At this juncture, it is pertinent to take a look at the legal regime around the questions addressed in the case. Under the trademark law in India, while registering a composite mark which has generic or descriptive or common qualifying elements, one can either offer to disclaim his exclusive rights over the non-registrable element/elements of the mark or the Trade Marks Office by themselves impose such disclaimers as a condition to the registration of the composite mark. While the old Act provided for imposition of disclaimers in the statute itself, currently the process and practice of imposing disclaimers flows from the Trade Marks Office’s practice and procedures. Instead of the statutory disclaimers, the Act of 1999 provides a right to the proprietors of composite marks by emphasizing on the anti-dissection rule. Separately, the Manual of Trade Marks issued by the Trade Marks Office authorizes the imposition of disclaimers on certain components under certain conditions.
One can certainly not negate the importance this scheme has in the context of protecting and registering marks with non-registrable components (whereby brand owners disclaim exclusive rights over such non-registrable elements). By putting out a disclaimer in relation to non-registrable elements present in a trademark, the brand owner essentially undertakes to not object to any third party’s use of the disclaimed word as a part of their own mark. It is important to highlight the fact that disclaiming an element or word does not hamper the overall right of the proprietor over his registration or his right to use of the composite mark. Disclaimers are used in order to prevent a false impression that might be created in the minds of public with respect to the exclusive right of the trademark owner over such non-distinctive elements in the mark.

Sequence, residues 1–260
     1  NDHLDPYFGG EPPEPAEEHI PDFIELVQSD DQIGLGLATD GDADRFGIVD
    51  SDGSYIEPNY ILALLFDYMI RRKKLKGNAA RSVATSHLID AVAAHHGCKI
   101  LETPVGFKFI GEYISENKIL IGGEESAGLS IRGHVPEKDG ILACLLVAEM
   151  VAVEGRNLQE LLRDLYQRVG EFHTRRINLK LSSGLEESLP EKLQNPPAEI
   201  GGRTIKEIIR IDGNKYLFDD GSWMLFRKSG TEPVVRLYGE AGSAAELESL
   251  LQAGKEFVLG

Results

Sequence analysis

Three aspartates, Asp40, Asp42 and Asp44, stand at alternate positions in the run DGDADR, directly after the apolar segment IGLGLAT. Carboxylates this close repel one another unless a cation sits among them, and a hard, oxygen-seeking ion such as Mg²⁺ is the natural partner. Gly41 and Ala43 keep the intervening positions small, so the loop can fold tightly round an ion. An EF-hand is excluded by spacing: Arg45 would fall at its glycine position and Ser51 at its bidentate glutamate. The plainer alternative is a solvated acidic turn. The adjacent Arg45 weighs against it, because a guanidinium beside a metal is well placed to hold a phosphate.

For instance, if we were to apply for the mark ‘MEDESTLE CANDY’ to cover the range of chocolates and candy bar, a disclaimer of the term ‘CANDY’ would be done. Interestingly, for the registration of the famous chocolate ‘CADBURY GEMS’, the word ‘GEMS’ was required to be disclaimed since it was a generic term and cannot be independently registered without using some distinctive character such as the term ‘CADBURY’ in the above case. In the same way, the term PERFECT was disclaimed in another famous case, where the plaintiff had used the mark ‘SWASTIC PERFECT’.
The courts in India, time and again, have been deciding over the question of granting exclusive rights over the usage of certain words/elements as a part of a proprietor’s trademark. Some significant pronouncements have been discussed as follows:
1. Ashok Chandra case